Chitrangada Sharan from New Delhi, India on September 22, 2021:

This is an interesting and informative article. Thank you highlighting the phrase,The Indian Summer.

Nice narration, poems, and pictures. A pleasant read. Thank you for sharing!

Rupert Taylor (author) from Waterloo, Ontario, Canada on September 22, 2021:

You are welcome Peggy.

Peggy Woods from Houston, Texas on September 22, 2021:

We used to enjoy the Indian Summers when we lived in Wisconsin. And oh those glorious leaf colors! Thanks for all of this background information. It was enjoyable to read.

Rupert Taylor (author) from Waterloo, Ontario, Canada on September 22, 2021:

Thanks for your comment Maria. How often do you have a frost in Alabama? Like never. The official definition of an Indian Summer is a warm period following a killing frost.

But, I'm happy to cut you some slack, like when it gets really cold in the Deep South and approaches 35F you might want to call a spell of 45 degree weather an Indian Summer.

Good to hear from you.

MariaMontgomery from Coastal Alabama, USA on September 22, 2021:

A lovely and informative article. When I lived farther north in Alabama, we had Indian summers from time to time. Now I'm near the coast, so we don't have them. We also had blackberry winter, the same as Indian summer, but in reverse. I enjoyed your article.

Rupert Taylor (author) from Waterloo, Ontario, Canada on September 22, 2021:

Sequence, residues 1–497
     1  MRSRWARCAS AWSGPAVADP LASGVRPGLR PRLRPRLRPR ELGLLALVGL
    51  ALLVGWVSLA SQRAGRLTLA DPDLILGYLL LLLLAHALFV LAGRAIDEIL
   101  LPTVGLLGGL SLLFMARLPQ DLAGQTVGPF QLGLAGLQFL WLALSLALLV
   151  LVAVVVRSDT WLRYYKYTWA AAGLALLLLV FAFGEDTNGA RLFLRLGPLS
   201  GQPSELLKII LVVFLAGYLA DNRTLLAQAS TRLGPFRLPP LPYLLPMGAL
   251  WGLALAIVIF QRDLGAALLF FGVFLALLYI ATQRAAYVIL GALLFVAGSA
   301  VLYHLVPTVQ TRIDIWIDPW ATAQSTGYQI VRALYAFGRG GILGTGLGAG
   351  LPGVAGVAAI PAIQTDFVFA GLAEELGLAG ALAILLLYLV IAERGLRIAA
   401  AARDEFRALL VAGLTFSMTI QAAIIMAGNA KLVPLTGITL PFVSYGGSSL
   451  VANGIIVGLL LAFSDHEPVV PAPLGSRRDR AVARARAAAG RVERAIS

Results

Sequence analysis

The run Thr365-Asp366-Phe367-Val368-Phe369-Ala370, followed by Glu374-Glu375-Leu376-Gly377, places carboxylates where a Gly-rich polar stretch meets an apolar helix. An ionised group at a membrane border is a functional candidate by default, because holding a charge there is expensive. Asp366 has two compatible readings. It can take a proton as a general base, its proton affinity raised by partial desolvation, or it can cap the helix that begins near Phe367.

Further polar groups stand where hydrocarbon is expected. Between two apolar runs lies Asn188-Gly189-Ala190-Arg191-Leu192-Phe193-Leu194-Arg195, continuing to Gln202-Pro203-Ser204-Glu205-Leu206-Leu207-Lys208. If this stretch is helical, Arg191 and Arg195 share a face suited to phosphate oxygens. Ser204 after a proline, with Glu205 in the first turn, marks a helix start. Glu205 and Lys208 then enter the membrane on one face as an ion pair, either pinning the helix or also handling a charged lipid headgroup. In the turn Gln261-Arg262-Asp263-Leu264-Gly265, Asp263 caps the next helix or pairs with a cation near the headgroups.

Hi Louise. I strongly suspect there hasn't been a frost in Norfolk yet this autumn, so you are enjoying an extension of summer. Make the most of it.

Miebakagh Fiberesima from Port Harcourt, Rivers State, NIGERIA. on September 22, 2021:

Rupert, I live in the Southern Hemisphere. We don't say summer in the part of my country. We called it Harmatta, though it were a summer, but sipping health out of a person. It's dry, and sometimes warm and cool. But almost windy. With the world wide climate changes going on, an element of rain has been add to it. Otherwise, bush fires is resulting.

Louise Powles from Norfolk, England on September 22, 2021:

I think we're getting an Indian Summer in England at the moment, it's been so warm the past few days, really nice! They said it's going to feel cooler tomorrow though, so I don't know how long this lovely weather will last for. A bit longer, I hope!